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Kat
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November 9, 2006, 01:31 PM

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November 9, 2006, 01:33 PM

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November 9, 2006, 01:33 PM

Dont' make waves when you first get there... you're still an outsider.

By all means, hit the ground running... but get a feel for the people first. Present ideas in a constructive, non-threatening manner. Right now, they don't know you or trust you and may feel that you're speaking out of line as "the new guy"...

You were brought in as a worker bee, not management, remember that... you can subtly change some things and slowly bring up things that would make things easier until you're more acclimated to the new environment.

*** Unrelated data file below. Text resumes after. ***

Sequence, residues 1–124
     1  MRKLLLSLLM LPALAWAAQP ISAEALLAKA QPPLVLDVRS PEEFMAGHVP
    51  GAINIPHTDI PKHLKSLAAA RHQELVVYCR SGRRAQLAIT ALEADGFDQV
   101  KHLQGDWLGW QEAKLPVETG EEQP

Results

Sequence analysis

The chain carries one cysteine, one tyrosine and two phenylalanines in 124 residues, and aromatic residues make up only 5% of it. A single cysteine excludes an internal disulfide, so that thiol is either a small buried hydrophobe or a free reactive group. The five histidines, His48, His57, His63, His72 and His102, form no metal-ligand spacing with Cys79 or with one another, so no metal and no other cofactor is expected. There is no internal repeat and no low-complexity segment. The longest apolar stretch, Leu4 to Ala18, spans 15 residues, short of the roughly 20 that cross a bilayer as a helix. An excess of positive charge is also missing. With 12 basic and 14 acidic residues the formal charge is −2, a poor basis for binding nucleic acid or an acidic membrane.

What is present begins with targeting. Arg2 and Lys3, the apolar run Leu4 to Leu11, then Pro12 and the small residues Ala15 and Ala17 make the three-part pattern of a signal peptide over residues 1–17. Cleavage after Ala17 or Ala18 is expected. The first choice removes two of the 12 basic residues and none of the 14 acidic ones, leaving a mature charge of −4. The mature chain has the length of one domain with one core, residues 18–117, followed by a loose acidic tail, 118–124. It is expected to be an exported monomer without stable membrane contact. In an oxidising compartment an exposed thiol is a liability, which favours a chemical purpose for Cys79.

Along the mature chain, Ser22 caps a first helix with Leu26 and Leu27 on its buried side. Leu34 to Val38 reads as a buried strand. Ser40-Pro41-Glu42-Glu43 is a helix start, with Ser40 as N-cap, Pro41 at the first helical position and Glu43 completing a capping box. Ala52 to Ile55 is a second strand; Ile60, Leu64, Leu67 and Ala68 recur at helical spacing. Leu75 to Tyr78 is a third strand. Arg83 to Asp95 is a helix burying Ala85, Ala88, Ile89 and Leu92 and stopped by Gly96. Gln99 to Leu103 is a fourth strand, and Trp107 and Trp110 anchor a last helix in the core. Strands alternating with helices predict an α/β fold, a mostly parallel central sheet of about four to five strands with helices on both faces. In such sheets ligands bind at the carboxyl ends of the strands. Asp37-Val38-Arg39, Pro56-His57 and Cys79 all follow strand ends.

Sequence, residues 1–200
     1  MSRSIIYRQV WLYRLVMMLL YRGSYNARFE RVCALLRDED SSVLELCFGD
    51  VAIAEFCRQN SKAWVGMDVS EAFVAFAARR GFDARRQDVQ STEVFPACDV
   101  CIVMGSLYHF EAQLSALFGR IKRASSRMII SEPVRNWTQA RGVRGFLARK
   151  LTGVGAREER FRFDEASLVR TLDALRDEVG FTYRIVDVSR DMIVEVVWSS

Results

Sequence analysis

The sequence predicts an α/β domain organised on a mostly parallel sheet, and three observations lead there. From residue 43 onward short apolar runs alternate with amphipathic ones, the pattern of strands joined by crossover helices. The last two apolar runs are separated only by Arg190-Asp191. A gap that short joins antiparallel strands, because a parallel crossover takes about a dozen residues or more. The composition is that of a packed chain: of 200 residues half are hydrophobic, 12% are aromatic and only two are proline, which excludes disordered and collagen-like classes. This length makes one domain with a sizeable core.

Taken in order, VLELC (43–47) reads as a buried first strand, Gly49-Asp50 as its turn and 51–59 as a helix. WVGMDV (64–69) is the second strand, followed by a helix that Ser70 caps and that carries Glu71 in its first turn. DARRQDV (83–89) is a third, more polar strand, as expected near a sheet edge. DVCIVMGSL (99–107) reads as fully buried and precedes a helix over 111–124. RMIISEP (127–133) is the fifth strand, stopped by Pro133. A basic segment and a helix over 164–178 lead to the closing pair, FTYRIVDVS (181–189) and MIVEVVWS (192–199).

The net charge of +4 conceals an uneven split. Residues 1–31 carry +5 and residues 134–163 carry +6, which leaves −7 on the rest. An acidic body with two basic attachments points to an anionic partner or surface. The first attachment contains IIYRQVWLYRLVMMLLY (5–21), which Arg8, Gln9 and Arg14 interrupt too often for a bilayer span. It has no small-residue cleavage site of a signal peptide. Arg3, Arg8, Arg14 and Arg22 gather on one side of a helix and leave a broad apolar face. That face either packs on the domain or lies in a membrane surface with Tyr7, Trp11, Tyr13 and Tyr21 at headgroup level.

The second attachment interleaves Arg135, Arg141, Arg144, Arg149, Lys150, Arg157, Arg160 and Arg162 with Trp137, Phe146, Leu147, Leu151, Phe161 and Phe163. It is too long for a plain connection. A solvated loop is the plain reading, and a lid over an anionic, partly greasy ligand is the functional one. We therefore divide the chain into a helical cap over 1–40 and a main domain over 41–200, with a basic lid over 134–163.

Or, you can write an all out proposal on changing things and submit it to your DIRECT management... and let them parouse it.

Or... things may run the way they do because of things that happen occasionally. You haven't been there long enough to know everything about the job site... give it some time, you may find that some of the things are done for a reason... or that you only think they're hectic because you're used to doing it another way...

Give it time at first, IMO.


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November 9, 2006, 01:34 PM

First off, I am not sure how long you have been there, but you really need to spend a few weeks/months assesing. You can't go in to a new environment with the "we did it this way at my last job". Even if it's a better process, your new co-workers will label you as a know it all.

I just made a big career change myself and have been laying really low. Slowly and surely I will start laying out my processes. Showing my co workers how my experiance can benefit them and what I bring to the table, while also complimenting their strengths and what they bring to the table. I hate office politics myself, but if you don't play you sit on the bench.